The majority of people are born with the ability to be empathetic and to respond with kindness. Notwithstanding psychopaths of course. That makes us all well positioned to unleash some kindness out into the world.
This week, I had the pleasure of co-chairing Career Women Interaction's Women in Leadership Conference in Regina. This is my second time participating in the conference, and I was even more impressed this time with the caliber of leadership.
My, there are some wonderful leaders in our communities and workplaces who make a difference in the lives of others every day.
One of the consistent themes among the presentations was the expression of genuine kindness as a leadership trait. The keynote, Laura Wiebe, President and CEO of Saskatchewan Mutual Insurance Company, not only focused on kindness, but you could tell sitting near her that she is a warm and exceptionally kind person.
Let's bust the myth that women don't make good leadership candidates because they can be too nice! Leading with empathy and emotional intelligence are extremely valuable assets in the C-suite, particularly when you are asking people to undertake complex work in high pressure environments.
In fact, every single presenter talked about kindness between humans in one way or another. But for those of you who are wondering if this is really a relevant business issue (I hope none of you are), you should know it is absolutely related to the bottom line.
Michael Hoffort, President and CEO of Farm Credit Canada spoke about the interrelationship between employee engagement, customer satisfaction and profits. These are three ingredients of a virtuous circle for corporate success. The more engaged and productive your employees, the better the experience your clients have and that leads to more sales.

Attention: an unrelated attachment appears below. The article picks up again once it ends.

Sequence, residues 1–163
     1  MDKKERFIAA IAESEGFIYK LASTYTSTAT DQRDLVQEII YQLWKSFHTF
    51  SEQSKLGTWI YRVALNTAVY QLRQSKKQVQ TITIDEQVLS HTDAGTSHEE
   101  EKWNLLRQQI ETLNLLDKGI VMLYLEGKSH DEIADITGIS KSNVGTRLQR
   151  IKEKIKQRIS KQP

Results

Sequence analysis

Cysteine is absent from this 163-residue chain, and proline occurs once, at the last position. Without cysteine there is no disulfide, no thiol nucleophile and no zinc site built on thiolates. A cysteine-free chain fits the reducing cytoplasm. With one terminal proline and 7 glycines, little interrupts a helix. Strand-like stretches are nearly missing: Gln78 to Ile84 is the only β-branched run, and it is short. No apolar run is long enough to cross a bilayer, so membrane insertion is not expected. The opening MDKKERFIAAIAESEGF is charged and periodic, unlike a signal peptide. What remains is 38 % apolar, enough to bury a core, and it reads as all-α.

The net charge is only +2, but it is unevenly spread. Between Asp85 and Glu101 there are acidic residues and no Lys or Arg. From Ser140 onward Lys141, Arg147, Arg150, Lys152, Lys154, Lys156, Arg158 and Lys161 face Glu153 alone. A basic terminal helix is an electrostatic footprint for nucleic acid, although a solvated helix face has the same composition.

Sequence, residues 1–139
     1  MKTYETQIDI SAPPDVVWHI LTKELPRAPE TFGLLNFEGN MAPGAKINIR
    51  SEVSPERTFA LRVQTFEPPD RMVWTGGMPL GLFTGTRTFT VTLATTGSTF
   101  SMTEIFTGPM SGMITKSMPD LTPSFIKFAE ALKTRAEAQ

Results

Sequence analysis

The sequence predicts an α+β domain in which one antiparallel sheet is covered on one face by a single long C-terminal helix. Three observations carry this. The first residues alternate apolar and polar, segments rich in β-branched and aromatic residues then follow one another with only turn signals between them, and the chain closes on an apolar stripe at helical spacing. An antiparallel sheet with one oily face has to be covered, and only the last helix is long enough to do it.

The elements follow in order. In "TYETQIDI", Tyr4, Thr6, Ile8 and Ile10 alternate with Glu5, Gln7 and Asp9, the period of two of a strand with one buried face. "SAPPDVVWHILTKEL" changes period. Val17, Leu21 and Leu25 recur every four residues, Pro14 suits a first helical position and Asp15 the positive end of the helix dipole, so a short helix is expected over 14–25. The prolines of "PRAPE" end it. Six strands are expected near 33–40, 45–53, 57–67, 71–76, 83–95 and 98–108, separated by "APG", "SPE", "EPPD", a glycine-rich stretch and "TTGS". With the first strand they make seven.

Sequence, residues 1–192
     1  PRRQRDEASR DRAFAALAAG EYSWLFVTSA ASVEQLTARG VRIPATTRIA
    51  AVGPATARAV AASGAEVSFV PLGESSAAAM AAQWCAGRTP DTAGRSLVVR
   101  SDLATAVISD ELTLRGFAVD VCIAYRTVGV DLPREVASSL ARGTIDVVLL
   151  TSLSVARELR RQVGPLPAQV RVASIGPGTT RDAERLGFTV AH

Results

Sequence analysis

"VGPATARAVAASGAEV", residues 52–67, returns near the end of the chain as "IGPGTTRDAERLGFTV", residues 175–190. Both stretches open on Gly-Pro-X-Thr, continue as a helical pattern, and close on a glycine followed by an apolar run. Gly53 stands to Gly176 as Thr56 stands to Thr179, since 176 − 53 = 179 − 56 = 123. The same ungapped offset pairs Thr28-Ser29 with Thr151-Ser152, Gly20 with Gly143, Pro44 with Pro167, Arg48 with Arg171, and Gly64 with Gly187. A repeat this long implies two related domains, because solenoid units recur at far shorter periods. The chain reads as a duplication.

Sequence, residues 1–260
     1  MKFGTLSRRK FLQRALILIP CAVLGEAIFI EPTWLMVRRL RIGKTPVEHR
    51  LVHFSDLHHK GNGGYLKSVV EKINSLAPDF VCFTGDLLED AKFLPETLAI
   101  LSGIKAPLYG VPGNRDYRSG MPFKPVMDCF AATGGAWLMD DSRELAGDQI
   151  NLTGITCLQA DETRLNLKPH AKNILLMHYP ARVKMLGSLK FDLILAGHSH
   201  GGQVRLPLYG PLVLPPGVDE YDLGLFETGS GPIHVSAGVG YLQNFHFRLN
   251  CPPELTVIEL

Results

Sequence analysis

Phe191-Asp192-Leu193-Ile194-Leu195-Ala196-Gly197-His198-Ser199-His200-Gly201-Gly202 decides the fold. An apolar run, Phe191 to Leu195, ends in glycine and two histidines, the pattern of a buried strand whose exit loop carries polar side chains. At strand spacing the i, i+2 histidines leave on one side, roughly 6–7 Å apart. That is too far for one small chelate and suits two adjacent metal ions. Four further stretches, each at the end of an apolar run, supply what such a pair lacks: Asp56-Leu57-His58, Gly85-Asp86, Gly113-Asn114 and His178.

In my experience, the front line employees and the C-suite are usually on the same page -- the side of the customer! This is a natural allegiance for these two positions. There is a need to bring them together more frequently in order to ensure that the CEO is able to effectively lead an organization.
Kindness can be our default position, a place where many other positive leadership values can emerge and thrive. If you are wondering what this looks like in action, it is pretty simple. Greet people when you see them. Make eye contact and smile. Ask them how the weekend was and how their kids did at the hockey tournament. Offer the benefit of the doubt during conflict and be biased toward fairness and forgiveness. Give people the opportunity to grow and make things right.
And be kind to yourself too. Make sure the story you tell about yourself is a good one. Don't expose yourself to bad influences or let yourself be depleted by those who can stand to learn about kindness.
I think the first step toward kindness is slowing down. Choose a healthier pace so that you can notice yourself and notice others around you. You will find that you have many opportunities to enjoy the people around you and to reciprocate with kindness.
Did you know that monkeys are kind too?
Would you be willing to give up your grape? Fair compensation is a prevailing topic for women in leadership.
And let's not forget the importance of kindness in parenting. We all hope to be kind to our children and to raise kind human beings. We need to model this kindness and ensure that the world we live in doesn't leach the empathy from our children.
Much love, Donna
If this moves you, I invite you to join in on the conversation by posting a comment or sharing on social media.